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Mystery Of The Blue Train [Mass Market Paperback]

Agatha Christie
4.2 out of 5 stars  See all reviews (18 customer reviews)

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Book Description

Sept. 2 2003 Hercule Poirot Mysteries (Book 6)
Bound for the Riviera on Le Train Bleu, Hercule Poirot stumbles upon the body of an American heiress, murdered in her luxury compartment.

But her secrets have never been more alive.

"Masterly." (Times Literary Supplement)

"A truly honorable thriller in the classic tradition. (New York Herald Tribune)

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Review

"The Empress of the crime novel." Sunday Express --This text refers to the Paperback edition.

From the Back Cover

When the luxurious Blue Train arrives at Nice, aguard attempts to wake serene Ruth Kettering fromher slumbers. But she will never wake again—for aheavy blow has killed her, disfiguring her featuresalmost beyond recognition. What is more, herprecious rubies are missing.

The prime suspect is Ruth’s estranged husband,Derek. Yet Hercule Poirot is not convinced, so hestages an eerie reenactment of the journey, completewith the murderer on board. . . .

--This text refers to the Paperback edition.

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Customer Reviews

Most helpful customer reviews
4.0 out of 5 stars Excellent vintage Christie Jan. 24 2004
Format:Mass Market Paperback
This book was published in 1928 and is an expansion of the short story "Mystery of the Plymouth Express". The plot enters around an American heiress, her millionaire father, ne'er do-well husband, shady lover and others she comes into contact with on the famous Blue Train while traveling to the Riveria. The question becomes was she murdered for her jewels or were her jewels taken to cloud the motive of her murder? Katherine Grey (from the soon to be famous St. Mary Mead) was taken into the victims confidence and finds herself entangled in the mystery. Fortunately for her, Hercule Poirot was also a passenger on the train and sorts through the puzzle. Poirot is traveling without Hastings but we are treated to scenes with Georges the valet at the beginning of his career with Hercule.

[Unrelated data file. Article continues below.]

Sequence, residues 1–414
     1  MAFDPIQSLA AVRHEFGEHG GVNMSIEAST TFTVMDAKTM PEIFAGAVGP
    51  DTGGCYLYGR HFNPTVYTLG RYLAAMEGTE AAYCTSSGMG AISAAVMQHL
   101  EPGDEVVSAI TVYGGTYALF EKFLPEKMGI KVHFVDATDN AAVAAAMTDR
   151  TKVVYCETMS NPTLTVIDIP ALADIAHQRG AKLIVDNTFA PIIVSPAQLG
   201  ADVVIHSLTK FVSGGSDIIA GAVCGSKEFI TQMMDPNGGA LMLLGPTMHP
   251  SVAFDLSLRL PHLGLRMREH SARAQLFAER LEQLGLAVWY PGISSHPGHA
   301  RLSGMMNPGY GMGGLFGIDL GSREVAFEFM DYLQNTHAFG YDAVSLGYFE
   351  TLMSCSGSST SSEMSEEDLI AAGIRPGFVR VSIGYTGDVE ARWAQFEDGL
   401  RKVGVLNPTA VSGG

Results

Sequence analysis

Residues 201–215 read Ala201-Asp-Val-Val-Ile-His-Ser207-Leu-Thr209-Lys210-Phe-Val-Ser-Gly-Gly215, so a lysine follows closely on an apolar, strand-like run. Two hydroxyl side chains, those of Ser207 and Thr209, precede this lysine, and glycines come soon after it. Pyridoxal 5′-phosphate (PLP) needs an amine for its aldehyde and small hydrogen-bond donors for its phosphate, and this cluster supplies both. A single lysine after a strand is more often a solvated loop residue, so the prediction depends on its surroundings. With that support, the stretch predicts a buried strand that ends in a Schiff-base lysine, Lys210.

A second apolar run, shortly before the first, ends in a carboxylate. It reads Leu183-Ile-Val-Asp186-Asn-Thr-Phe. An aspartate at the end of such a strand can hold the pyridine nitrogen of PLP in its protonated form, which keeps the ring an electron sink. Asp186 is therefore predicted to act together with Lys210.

This book has held up surprisingly well considering it is nearing the century mark. It describes a way of life that is long past which could be confusing the 21st century reader who does not understand the stigma that had been attached to divorce, limited opportunities for women or personal servants but the core conflicts of the story remain current to today.
The only flaws I see in this story are the number of subplots and secondary characters but this is more than made up for by the ending which has the typical Christie flair.
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Format:Mass Market Paperback
In his sixth adventure, Hercule Poirot is on board the famous Blue Train from Calais to Nice. He encounters four different people and groups of people who are all after the Heart of Fire, a spectacular ruby purchased by American tycoon Rufus Van Aldin and presented to his daughter Ruth. Ruth is unhappily married to British aristocrat Derek Kettering, a richly layered character about whom the reader is still trying to decide if he is hero or villain up to the final chapter. This novel is filled with exciting characters: Mirelle, the exotic dancer with a passion for Derek; Armand de la Roche, the attractive but notorious swindler; and most refreshing of all is Katherine Grey, one of Mrs. Christie's best heroines.
When Ruth Van Aldin Kettering is found murdered on the Blue Train en route to her annual winter trip to the French Riviera, it is up to Hercule Poirot to discover if she was murdered because the famous jewel was in her possession or was she murdered by her husband or his mistress or was there yet another sinister motive.
This excellent tours de force is a landmark book for Christie fans because from this point until sometime in the late 60's every novel she published was brilliantly plotted and never failed to challenge the mystery reader.
Agatha Christie was known for experimenting with plots in short stories before developing them more fully in novels. The Mystery of the Blue Train is a prime example of this, so you might wish to go back and read her earlier short story "The Mystery of the Plymouth Express" if you enjoyed this one.
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5.0 out of 5 stars An enjoyable mystery! Aug. 21 2001
Format:Mass Market Paperback
Agatha Christie has the rare talent at protraying human character and illustrating with a shroud of spell binding mystery. This novel is a superb example of accurate identifiable characters amid a cloak of deep mystery.
Hercule Poirot unravels the web of intrigue slowly and the finale is a wonderful feeling of recognition and the juicy understanding of the author's prowess.